Monday, May 2, 2011
Is it appropriate to celebrate my enemy's demise?
The death of terror mastermind Osama Bin Laden has brought the emotions of US citizens to the surface in a way not seen in a generation. Spontaneous celebrations have erupted around the nation, and the surviving families of victims of Bin Laden led terrorist actions have expressed a wide variety of emotions ranging from relief, to satisfaction. I personally admit to feeling a great sense of admiration and pride in those who carried out the mission to attack Bin Laden and great relief that none of the assault force was injured or killed in the attack. Nevertheless, while the celebratory expressions have dominated the news, there are a significant number of Americans who are wrestling with that reaction and asking if it is appropriate to rejoice at the demise of an enemy, especially for those who are people of faith?
Proverbs 24:17 supports the caution of not rejoicing over a fallen enemy. It says:
“Do not gloat when your enemy falls; when they stumble, do not let your heart rejoice…”
But one might ask, what about the imprecatory Psalms (The ones where enemies are cursed)? What about Moses’ reaction to Pharaoh’s destruction at the Red Sea? In Exodus 15, Moses, Miriam and the entirety of Israel break out into song in a stirring chant of praise in response to the destruction of Pharaoh and his army:
“I will sing unto the Lord, for He has triumphed gloriously; the horse and rider thrown into the sea!”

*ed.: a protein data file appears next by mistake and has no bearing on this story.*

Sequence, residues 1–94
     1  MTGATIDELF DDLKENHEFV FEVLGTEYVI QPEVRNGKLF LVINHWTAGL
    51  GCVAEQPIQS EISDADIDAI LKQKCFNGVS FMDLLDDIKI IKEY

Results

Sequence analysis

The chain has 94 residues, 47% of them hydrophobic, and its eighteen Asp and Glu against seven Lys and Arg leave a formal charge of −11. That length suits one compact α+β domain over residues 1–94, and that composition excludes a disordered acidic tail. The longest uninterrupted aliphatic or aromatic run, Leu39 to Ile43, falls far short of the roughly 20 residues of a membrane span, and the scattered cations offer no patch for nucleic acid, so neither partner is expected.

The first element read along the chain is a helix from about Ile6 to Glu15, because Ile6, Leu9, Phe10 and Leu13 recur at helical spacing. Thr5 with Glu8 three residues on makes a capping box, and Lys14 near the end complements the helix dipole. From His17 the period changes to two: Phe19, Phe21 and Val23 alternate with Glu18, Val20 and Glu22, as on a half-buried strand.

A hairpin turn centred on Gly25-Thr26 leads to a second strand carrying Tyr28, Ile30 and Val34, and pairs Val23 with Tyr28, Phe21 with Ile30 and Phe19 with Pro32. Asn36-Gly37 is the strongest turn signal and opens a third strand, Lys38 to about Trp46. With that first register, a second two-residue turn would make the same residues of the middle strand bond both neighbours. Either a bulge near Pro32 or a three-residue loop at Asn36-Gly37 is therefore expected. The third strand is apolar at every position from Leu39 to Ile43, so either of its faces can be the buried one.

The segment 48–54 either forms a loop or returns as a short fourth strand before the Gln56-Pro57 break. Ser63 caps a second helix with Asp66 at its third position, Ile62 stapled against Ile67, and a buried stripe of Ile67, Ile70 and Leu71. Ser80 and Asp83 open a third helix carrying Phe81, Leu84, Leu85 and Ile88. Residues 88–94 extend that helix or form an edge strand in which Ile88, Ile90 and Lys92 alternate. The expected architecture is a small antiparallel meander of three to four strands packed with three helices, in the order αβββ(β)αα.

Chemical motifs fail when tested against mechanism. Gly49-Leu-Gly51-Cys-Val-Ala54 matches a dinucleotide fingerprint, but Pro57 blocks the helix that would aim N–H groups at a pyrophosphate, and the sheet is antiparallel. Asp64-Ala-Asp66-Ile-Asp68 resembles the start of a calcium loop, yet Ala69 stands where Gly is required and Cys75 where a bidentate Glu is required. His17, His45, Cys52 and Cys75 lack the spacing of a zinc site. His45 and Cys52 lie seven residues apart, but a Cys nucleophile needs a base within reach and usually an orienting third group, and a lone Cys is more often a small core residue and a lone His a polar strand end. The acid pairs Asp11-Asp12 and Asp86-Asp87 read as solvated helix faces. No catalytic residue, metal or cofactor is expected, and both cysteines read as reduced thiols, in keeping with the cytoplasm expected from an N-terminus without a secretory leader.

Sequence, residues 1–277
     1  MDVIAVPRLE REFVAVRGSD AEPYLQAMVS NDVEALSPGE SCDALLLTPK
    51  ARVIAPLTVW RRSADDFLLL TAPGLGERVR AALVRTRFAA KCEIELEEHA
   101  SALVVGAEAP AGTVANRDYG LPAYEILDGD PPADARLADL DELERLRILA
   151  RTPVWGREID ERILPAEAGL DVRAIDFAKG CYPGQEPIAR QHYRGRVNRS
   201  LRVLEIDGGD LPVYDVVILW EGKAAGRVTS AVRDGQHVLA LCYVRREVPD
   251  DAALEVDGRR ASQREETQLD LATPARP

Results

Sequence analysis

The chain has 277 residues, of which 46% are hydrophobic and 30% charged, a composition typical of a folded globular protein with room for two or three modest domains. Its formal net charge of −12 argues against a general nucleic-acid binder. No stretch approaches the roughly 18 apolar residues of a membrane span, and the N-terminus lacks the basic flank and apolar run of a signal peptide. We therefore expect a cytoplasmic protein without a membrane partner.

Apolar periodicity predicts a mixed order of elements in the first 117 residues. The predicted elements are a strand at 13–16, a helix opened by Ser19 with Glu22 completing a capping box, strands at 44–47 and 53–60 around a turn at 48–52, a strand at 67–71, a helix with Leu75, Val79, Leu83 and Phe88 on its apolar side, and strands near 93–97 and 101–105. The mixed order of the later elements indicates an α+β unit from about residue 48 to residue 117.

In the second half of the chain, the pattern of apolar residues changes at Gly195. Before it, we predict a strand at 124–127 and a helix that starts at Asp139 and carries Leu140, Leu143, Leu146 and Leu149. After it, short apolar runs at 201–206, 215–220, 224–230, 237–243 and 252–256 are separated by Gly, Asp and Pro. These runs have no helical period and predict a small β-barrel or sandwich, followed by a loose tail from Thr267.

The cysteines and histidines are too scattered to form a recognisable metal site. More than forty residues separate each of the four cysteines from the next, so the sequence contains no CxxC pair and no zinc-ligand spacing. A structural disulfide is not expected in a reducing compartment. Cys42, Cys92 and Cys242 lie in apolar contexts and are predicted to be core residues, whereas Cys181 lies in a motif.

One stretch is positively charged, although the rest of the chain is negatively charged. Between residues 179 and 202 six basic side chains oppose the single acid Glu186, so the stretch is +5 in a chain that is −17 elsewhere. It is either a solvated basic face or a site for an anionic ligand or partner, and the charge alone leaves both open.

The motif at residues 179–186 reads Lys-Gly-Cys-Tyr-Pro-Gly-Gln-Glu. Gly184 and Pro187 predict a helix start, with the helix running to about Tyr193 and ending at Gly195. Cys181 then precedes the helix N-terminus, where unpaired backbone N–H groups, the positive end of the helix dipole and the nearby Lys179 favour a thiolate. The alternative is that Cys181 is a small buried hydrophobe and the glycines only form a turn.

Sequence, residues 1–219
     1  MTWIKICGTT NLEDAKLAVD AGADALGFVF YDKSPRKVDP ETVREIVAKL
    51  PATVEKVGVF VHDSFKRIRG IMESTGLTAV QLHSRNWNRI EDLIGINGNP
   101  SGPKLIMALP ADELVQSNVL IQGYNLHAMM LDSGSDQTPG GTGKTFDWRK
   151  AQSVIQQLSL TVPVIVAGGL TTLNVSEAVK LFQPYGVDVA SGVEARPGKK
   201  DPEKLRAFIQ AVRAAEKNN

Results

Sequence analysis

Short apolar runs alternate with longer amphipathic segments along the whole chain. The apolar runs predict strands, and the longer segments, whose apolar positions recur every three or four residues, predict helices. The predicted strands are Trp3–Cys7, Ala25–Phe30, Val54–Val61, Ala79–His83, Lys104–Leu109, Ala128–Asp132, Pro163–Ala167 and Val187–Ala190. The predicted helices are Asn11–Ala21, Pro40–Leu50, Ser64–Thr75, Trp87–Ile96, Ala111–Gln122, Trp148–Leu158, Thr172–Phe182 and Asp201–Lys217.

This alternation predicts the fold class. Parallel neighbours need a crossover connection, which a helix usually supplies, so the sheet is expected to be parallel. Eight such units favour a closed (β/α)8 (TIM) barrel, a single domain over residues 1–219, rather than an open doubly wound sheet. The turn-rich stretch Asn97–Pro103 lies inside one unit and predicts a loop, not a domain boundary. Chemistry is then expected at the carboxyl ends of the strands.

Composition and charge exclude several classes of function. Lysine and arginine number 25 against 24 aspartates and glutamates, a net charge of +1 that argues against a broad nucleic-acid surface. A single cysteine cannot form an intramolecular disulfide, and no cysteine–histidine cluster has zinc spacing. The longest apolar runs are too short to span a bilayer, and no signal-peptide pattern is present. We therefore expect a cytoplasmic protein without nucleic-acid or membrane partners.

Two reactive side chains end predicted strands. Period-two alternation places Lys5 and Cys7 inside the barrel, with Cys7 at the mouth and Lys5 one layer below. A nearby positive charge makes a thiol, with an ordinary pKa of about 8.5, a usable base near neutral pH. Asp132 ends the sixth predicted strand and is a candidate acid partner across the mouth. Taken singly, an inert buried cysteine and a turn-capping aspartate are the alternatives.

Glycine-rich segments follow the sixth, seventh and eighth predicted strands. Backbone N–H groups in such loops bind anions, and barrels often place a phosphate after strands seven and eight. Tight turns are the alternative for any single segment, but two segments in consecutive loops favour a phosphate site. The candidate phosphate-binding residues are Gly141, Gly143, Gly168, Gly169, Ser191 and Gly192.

If one reads further, the song goes on to detail the graphic images of pharaoh’s officers drowning with their chariots “sinking like stones”. If that weren’t enough, by the end of the chapter, Miriam, Moses sister, and the women of Israel take up tambourines and begin dancing with great fervor to celebrate this victory over the Egyptian Army! So what’s the appropriate response? Restraint or unencumbered jubilee?
I’m not sure that the Scriptures give us a clear black and white solution to this question, though I do believe there are some guidelines present to take into consideration.
The object of the praise in the Song of Moses and Miriam is the Lord. Moses and the nation of Israel realized that without God’s intervention, they would have been the ones at the bottom of the sea. They were quick to recognize that though the Lord would lead them into other battles in which they would have to engage the enemy more directly than they did in this instance; the Lord was the Source of their victories. Celebration was appropriate, but it was always imperative t realize that their victory was a demonstration of God’s care for them and His mercy, not their superiority or self-sufficiency. God warns His people that it is not because they are any better than other nations that He protects them, but it is because He has promised to care for them. God showed Himself continually to be merciful and made it known that the other nation’s behavior was so repugnant that he chose to chasten them with military defeat. He also warned that those who seek to follow Him can also find themselves in jeopardy of being defeated if repentance, humility and righteousness are not the guiding truths of that nation’s way of life.
It should be understood that the Scriptures make it clear that governments bear arms for the putting down of evil and destructive people. Romans 13:4,5 says: